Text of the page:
Promoting recovery of sexual functioning after radical prostatectomy with group-based stress management: The role of interpersonal sensitivity

Ivan R. Molton, Scott D. Siegel, Frank J. Penedo*, Jason R. Dahn, David Kinsinger, Lara N. Traeger, Charles S. Carver, Biing Jiun Shen, Mahendra Kumar, Neil Schneiderman, Michael H. Antoni

*Corresponding author for this work

Research output: Contribution to journalArticlepeer-review

65 Scopus citations


Objective: Treatment for localized prostate carcinoma (PCa) is frequently associated with decrements in sexual functioning and satisfaction. Given the highly interpersonal nature of these decrements, interpersonal problems (such as interpersonal sensitivity) may affect recovery of sexual functioning after PCa treatment through interference with physician and partner communication and through distorted cognitions surrounding sexual dysfunction. The objective of the present study was to determine the effect of interpersonal sensitivity on several treatment indicators, including response to a group-based psychosocial intervention. Methods: Participants were 101 older men recovering from radical prostatectomy who were enrolled in a randomized controlled trial of a 10-week group-based cognitive-behavioral stress management (CBSM) intervention. Measures included the Inventory of Interpersonal Problems and the sexual functioning subscale of the University of California-Los Angeles quality-of-life measure. Results: At baseline, interpersonal sensitivity was related to a belief linking sexual dysfunction to core male identity (r=.29, P<.05). Using hierarchical regression, we found that (a) the CBSM intervention was effective in promoting sexual recovery in all participants, and (b) this effect was moderated by interpersonal sensitivity, such that individuals with higher levels of interpersonal sensitivity made larger improvements in sexual functioning in response to CBSM. Conclusions: CBSM was effective in improving sexual function after radical prostatectomy. Individuals with higher levels of interpersonal sensitivity were more likely to perceive sexual dysfunction as a threat to masculine identity and made larger gains in the CBSM intervention. Results and relevance to the older male cancer patients are discussed from the perspective of interpersonal theory.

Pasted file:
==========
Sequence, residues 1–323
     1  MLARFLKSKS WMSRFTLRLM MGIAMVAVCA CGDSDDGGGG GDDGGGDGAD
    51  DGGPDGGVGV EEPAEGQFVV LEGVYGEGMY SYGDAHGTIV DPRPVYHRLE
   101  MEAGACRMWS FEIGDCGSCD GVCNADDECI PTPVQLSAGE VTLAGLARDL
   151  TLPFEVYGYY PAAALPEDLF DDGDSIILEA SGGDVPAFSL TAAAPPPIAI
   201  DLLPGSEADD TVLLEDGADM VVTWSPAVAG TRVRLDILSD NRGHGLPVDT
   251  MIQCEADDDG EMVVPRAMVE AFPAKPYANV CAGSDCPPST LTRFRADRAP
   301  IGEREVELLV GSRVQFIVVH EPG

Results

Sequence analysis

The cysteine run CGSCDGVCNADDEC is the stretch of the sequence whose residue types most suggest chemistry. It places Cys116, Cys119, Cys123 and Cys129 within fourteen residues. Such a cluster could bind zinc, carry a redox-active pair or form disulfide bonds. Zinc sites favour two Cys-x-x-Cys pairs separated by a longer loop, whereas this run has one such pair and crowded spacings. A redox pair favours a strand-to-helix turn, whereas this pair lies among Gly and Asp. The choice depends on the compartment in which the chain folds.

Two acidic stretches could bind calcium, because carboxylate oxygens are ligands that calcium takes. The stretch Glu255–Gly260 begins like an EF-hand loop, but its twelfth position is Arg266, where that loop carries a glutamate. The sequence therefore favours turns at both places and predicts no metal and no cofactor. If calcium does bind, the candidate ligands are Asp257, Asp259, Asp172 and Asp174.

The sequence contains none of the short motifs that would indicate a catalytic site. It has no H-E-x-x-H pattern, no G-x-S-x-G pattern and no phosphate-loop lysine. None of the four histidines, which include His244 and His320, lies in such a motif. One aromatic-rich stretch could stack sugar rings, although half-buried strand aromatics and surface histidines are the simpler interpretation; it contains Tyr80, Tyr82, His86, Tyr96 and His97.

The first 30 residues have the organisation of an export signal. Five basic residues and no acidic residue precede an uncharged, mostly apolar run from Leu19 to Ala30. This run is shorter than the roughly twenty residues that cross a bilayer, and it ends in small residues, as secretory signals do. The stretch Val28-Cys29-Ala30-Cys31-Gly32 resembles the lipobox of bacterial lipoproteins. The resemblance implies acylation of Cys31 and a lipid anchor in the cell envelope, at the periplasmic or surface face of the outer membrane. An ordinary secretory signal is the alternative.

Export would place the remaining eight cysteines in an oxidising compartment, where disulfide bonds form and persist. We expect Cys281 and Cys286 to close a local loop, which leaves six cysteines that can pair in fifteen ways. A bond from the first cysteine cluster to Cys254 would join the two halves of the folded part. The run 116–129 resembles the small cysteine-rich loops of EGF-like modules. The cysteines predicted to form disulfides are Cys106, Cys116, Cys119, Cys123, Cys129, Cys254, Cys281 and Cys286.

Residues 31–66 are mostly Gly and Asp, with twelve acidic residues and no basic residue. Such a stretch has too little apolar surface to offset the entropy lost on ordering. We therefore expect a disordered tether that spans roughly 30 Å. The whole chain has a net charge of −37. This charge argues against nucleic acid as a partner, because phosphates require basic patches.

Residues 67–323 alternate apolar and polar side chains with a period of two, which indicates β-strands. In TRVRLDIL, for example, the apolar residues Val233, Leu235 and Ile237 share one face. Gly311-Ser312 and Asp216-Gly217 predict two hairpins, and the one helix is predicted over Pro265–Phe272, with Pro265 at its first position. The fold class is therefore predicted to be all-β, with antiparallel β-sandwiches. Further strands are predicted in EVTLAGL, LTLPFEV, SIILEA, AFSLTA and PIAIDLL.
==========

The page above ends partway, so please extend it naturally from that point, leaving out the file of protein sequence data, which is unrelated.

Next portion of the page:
Original languageEnglish (US)
Pages (from-to)527-536
Number of pages10
JournalJournal of Psychosomatic Research
Issue number5
StatePublished - May 2008


  • CBSM
  • Interpersonal sensitivity
  • Interpersonal theory
  • Prostate cancer
  • Radical prostatectomy

ASJC Scopus subject areas

  • Psychiatry and Mental health
  • Clinical Psychology


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